WED AM News: Badger Institute calls for reform of occupation licensing; a third person in Wisconsin tests positive for COVID-19

— The Badger Institute is calling for regulatory reform of occupation licensing as a solution to Wisconsin’s labor shortage.

“Wisconsin has labor shortages, and we need as many workers as we can get. And we need to be attracting workers from other states,” said Collin Roth, director of communication at the Wisconsin Institute for Law and Liberty. 

Iris Hentze, a policy specialist with The National Conference of State Legislatures, at a Capitol event shared a report demonstrating licensing regulation reforms “address unnecessary employment barriers that affect specific populations.”

An occupational license is a credential the government requires a worker to hold in certain occupations. According to the NCSL report, the populations most affected by the requirements are active duty military and veterans, military spouses, immigrants, people with a criminal record and borrowers who have defaulted on their student loans.

Occupational licensing changes have been supported by both the Trump and Obama administrations, said Julie Grace, a policy analyst for the Badger Institute’s Center for Opportunity.

“That’s because it’s really not a red or a blue issue,” she said. “It’s an issue that impacts nearly a quarter of our workforce and nearly every consumer in our state.”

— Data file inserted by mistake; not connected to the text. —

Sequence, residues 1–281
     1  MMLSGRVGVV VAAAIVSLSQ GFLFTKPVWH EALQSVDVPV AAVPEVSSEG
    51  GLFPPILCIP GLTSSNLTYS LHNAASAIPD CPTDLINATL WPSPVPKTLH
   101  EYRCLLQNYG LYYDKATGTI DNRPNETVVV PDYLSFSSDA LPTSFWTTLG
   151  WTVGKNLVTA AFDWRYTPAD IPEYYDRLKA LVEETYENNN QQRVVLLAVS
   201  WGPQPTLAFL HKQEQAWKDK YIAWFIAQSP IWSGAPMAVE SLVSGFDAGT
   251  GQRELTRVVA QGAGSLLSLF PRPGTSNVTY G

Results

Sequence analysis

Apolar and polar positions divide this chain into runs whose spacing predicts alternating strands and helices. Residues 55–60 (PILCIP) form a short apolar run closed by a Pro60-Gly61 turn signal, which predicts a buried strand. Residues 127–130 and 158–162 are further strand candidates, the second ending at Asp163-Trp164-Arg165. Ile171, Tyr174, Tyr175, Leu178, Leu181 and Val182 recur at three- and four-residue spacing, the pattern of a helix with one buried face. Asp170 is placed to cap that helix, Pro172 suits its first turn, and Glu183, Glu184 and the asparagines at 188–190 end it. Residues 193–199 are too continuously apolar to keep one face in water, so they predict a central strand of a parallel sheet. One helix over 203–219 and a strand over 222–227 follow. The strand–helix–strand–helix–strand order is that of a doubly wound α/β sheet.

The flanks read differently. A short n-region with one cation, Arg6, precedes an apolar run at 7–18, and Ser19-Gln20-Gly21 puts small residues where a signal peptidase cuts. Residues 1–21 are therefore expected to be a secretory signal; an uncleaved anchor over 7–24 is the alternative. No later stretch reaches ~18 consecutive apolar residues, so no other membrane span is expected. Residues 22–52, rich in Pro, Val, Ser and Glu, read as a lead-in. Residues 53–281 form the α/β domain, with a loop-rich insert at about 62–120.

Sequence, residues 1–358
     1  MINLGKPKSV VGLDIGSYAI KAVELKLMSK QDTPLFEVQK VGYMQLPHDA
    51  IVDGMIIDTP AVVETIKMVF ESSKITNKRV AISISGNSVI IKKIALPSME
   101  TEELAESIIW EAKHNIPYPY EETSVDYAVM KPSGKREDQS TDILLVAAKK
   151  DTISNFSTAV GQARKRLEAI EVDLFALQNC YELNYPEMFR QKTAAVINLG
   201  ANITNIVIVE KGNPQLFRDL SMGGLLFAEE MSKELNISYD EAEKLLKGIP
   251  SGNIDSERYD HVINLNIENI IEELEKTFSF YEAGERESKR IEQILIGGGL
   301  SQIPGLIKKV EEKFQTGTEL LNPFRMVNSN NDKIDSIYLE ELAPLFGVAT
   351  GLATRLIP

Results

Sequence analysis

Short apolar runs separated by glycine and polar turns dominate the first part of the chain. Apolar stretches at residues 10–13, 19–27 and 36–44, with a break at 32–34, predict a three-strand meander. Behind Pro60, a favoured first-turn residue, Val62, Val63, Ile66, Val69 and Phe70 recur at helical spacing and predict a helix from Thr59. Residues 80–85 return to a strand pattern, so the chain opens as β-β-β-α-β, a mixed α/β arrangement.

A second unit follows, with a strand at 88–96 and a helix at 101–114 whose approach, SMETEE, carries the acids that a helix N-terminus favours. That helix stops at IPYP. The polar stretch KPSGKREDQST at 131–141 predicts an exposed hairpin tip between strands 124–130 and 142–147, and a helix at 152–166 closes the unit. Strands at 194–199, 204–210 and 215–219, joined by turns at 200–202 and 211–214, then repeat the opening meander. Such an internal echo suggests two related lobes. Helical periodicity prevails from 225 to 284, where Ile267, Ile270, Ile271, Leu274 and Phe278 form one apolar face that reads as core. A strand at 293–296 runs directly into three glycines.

See the full story in WisBusiness:

— UW-Milwaukee is extending its spring break to two weeks after an employee at the UWM Foundation was tested Monday for coronavirus.

According to a release put out by the university, the employee became ill after contact with someone who had been to a country with a level three travel warning, and the test results will not be known until the end of the week.

UW-Milwaukee is preparing to move most of its classes for all three of its campuses online following the extended spring break.

See the release: 

— A third person in Wisconsin has tested positive for COVID-19.

The Wisconsin Department of Health Services and Public Health Madison and Dane County in a release said the person was exposed while traveling in the U.S. and is isolated at home. 

State health officials yesterday announced the state’s second case. That patient is isolated at home in Pierce County.

The case announced today is the second for Dane County.  

Health officials are trying to determine who may have come in contact with both patients. 

Officials in a media teleconference said both new cases originated from domestic travel within the United States, but that the risk for community spread in the state is still low for now. 

“We expect that at some point Wisconsin will have broader spread,” said Traci DeSalvo, the section chief for the Bureau of Communicable Disease Epidemiology. 

— A Senate panel largely backed a bill that would create new regulations for middlemen between drug manufacturers and pharmacies that negotiate prices with both.

The Senate Health and Human Services Committee voted 4-1 to approve a series of regulations for pharmacy benefit managers. Sen. Dale Kooyenga cast the only vote against the bill. The Brookfield Republican was not immediately available for comment.

So-called PBMs are currently regulated by federal law, but the Office of Commissioner of Insurance has no authority over them.